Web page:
My school “sex education” which occurred in the late 70’s consisted of the guidance counselor asking me if I knew what a “french letter” was and some discussion of the different names for this “item”…that was about it. The comical part or one of them at least is that at the time contraception was illegal in Ireland so you couldn’t get a condom even if you tried. As an aside my guidance counselor was Michael Connaughton who went on to become a Labor TD.

      1. ahjayzis

        My granny was getting them in the 80s on prescription apparently!

        Information I did not need to know…

        1. realPolithicks

          If I remember correctly it was 1983 when they were made available by prescription…the good aul dayz eh!

  2. Conde Fast

    ‘sex’ and ‘Paul Murphy’ are two things that should never be mentioned together

    1. postmanpat

      Oh come on. You can tell by the way he moves and talks that he’s an animal in the sack.

  3. ahjayzis

    We had a nun come in and do some RSE in like 2001 when I was in first year. She went ON AND ON about how masturbation was selfish

    I remember giggling that she must be some twinkly pinkly bunny to want it all for herself ^_^

  4. Cian

    I presumed that the quote about the sellotape-sex-ed from Sarah was from the 1980s (due to the proximity of that 1980 photo)… I’m stunned that this is being taught in the 21st centaury.

  5. ReproBertie (SCU)

    We were told nothing in the 80’s. The closest we got was some priest banging on about self abuse being a sin (without bothering to tell us what self abuse even was obviously).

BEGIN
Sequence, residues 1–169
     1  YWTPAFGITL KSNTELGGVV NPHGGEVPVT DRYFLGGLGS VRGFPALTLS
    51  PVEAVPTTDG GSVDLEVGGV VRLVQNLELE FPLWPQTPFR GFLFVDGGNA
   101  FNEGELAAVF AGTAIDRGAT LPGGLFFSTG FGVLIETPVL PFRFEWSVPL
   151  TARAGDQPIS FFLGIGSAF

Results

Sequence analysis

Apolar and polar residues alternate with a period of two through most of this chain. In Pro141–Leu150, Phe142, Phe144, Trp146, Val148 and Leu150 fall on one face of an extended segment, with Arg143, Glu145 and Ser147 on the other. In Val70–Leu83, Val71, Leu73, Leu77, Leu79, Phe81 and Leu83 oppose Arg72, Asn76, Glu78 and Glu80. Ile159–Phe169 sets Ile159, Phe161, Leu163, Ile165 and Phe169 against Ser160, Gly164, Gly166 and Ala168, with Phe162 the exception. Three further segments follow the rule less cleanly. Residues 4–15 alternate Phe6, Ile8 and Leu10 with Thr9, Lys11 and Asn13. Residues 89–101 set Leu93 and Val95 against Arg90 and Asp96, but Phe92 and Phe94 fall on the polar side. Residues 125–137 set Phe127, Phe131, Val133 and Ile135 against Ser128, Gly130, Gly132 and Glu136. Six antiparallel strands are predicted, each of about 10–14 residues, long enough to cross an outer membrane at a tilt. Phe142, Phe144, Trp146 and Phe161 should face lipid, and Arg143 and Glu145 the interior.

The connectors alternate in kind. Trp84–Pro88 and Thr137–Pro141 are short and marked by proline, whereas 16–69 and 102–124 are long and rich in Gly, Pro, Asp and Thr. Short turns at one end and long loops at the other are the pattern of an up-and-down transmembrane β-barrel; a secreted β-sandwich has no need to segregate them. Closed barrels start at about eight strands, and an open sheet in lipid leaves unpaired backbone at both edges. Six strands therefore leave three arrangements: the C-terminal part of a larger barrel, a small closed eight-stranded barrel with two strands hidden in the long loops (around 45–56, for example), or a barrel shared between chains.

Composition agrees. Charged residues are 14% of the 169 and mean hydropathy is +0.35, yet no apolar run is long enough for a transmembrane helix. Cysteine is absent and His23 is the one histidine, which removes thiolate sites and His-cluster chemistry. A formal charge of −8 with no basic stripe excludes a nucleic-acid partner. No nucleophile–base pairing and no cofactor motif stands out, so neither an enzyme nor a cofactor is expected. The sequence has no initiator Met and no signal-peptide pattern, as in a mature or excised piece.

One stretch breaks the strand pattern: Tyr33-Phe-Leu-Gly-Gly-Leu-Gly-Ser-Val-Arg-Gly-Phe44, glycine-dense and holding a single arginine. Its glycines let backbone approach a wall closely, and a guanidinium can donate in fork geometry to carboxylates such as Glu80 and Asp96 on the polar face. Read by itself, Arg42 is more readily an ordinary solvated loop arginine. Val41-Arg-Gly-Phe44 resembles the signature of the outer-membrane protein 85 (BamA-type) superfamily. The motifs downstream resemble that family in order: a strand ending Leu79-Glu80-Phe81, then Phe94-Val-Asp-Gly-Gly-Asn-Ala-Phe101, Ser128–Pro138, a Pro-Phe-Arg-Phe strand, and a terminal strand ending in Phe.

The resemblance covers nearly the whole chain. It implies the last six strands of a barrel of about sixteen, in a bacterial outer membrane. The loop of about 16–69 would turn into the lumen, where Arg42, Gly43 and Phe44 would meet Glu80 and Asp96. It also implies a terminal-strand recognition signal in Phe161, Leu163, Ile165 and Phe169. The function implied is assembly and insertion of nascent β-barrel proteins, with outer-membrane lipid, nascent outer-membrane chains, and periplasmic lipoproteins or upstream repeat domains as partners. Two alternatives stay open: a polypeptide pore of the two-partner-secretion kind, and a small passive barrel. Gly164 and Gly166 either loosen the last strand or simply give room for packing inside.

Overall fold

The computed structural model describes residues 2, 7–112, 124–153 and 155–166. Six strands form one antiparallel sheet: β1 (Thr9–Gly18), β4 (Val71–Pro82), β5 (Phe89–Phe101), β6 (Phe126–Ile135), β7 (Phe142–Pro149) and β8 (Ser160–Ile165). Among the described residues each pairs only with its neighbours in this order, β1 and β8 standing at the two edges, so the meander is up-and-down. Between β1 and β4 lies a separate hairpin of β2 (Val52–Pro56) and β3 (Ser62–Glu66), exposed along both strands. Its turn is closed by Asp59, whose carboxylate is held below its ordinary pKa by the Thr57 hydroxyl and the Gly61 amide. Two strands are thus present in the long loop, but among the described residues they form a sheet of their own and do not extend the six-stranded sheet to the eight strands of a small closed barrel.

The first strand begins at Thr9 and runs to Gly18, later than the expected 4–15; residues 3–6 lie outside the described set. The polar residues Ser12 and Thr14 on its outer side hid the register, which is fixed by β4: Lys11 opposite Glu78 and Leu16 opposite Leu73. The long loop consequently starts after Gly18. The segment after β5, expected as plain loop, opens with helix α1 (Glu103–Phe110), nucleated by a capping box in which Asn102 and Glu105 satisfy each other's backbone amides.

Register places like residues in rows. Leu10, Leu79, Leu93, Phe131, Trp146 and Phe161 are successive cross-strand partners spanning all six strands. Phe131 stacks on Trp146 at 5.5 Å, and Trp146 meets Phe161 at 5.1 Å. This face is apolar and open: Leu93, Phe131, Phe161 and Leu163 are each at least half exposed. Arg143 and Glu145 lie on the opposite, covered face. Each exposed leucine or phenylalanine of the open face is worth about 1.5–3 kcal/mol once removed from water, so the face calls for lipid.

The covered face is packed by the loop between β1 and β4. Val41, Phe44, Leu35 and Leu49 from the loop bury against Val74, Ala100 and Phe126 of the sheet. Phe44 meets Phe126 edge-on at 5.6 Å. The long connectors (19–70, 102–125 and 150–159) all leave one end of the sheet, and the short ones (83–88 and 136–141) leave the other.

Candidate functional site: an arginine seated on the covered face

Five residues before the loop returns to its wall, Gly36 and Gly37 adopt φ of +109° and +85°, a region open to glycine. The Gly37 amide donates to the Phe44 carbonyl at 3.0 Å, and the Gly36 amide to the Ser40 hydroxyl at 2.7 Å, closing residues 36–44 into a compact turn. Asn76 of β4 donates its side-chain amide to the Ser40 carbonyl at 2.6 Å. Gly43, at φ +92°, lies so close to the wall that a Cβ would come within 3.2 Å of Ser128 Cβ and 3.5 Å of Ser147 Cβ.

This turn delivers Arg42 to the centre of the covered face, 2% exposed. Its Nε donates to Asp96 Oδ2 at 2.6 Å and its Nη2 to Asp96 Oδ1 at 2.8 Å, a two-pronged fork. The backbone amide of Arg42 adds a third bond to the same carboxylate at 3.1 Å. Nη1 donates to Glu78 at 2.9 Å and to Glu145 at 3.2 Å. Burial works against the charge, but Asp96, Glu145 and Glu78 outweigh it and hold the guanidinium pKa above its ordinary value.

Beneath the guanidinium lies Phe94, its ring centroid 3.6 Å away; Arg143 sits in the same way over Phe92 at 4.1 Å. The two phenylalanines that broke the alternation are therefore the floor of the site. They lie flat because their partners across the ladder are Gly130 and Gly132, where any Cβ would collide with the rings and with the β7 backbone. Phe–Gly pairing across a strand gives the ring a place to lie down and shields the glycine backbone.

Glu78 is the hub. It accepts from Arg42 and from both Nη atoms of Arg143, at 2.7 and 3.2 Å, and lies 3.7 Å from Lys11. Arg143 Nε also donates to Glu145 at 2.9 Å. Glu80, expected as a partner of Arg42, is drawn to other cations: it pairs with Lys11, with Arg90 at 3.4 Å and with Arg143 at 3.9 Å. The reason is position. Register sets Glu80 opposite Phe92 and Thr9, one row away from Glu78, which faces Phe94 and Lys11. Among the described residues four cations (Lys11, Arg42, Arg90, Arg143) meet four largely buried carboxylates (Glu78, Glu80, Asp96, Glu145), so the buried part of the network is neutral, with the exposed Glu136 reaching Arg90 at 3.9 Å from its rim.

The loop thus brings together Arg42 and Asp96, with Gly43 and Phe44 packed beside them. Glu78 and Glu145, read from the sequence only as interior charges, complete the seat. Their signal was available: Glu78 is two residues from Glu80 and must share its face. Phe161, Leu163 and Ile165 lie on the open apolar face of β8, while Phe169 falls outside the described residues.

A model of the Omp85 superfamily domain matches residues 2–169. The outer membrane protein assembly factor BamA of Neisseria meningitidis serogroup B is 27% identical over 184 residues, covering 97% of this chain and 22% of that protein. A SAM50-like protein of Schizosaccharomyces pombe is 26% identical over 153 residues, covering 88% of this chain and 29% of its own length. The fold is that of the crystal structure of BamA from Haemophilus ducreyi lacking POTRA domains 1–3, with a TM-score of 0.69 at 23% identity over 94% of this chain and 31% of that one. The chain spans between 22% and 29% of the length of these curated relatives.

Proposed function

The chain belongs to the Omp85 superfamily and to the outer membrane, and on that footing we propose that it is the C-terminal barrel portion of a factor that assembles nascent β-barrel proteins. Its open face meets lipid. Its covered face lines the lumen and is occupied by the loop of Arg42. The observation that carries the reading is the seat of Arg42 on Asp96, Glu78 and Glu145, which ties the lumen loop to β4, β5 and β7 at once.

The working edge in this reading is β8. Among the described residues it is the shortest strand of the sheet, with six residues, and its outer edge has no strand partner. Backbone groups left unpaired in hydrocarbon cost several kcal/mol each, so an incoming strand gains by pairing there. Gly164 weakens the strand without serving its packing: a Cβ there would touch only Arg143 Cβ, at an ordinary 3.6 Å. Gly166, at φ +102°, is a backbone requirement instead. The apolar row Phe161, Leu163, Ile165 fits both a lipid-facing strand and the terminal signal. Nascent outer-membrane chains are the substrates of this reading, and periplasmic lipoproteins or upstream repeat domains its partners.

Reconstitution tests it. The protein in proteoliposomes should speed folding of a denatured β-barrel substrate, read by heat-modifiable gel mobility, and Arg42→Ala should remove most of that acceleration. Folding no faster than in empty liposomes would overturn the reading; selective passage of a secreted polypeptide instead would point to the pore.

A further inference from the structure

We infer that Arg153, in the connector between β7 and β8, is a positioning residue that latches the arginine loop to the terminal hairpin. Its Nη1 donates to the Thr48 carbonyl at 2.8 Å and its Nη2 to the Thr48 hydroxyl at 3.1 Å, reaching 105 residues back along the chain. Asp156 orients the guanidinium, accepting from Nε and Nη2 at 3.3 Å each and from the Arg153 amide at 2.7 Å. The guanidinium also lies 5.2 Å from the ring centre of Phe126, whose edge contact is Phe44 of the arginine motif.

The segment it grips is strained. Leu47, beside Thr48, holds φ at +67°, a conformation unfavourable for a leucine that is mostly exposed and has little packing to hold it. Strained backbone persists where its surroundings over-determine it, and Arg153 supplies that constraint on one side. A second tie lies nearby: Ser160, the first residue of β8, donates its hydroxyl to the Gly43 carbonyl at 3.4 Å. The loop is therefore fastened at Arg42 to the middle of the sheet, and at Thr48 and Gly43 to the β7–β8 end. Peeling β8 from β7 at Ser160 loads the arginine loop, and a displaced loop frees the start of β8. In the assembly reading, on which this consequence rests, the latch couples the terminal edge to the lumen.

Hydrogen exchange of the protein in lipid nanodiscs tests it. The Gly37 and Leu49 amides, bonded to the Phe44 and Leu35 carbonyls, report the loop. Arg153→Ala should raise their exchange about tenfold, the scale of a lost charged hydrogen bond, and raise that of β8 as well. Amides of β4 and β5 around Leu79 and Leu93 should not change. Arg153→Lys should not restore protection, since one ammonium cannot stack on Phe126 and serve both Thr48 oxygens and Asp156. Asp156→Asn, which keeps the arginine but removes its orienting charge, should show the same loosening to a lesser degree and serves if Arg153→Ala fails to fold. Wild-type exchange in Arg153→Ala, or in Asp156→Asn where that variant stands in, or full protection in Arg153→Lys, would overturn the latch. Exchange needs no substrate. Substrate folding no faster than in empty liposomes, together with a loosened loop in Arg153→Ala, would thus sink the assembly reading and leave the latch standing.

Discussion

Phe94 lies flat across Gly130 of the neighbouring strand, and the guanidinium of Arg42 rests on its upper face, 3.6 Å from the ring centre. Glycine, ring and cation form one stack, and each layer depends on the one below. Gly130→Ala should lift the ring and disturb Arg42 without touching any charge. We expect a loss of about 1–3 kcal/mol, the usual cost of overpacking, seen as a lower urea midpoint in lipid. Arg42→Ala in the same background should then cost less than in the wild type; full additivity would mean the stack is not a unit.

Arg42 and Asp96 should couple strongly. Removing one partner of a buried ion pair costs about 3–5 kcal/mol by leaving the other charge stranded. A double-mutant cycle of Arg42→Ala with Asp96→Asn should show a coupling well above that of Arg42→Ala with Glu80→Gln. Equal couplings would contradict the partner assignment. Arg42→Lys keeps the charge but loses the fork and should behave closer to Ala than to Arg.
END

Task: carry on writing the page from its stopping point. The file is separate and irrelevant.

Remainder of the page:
When I went on the (obligatory) marriage guidance course they tried to give us sex ed but the pictures they used were even less graphic than the one above. (Not the Paul Murphy one, just to be clear.)

    It’s worth checking out the Off the Ball podcast on sex ed for a great, down to earth, open approach to sex ed for teens.

  6. Iwerzon

    We didn’t receive sex ed in my school in the ’80s, we did receive reproduction education, not a mention of anything remotely intimate or pleasurable. The main message was don’t do it lads. It was from a rather nervous science teacher who chained smoke the whole way through (yes, during class!).

    1. Frilly Keane

      Our Art teacher was the same
      He used’ta leave fags all over the supplies room n’ all for us

  7. nellyb

    As transitional step towards proper class room instruction: department of education should design an online (appropriately) interactive sex-ed course and make it mandatory for junior cert as biology module. Cost effective too. Failed the module – re-sit junior cert. Or something along these lines.

    1. Cian

      When I read this I’m reminded of the sex-ed scene from Monty Python’s “The Meaning of Life”

  8. Murtles

    Sex education? None of that in my day. Mention the word S-E-X and you’d have a middle aged woman use a sally rod to spank you. You have to pay good money for that nowadays.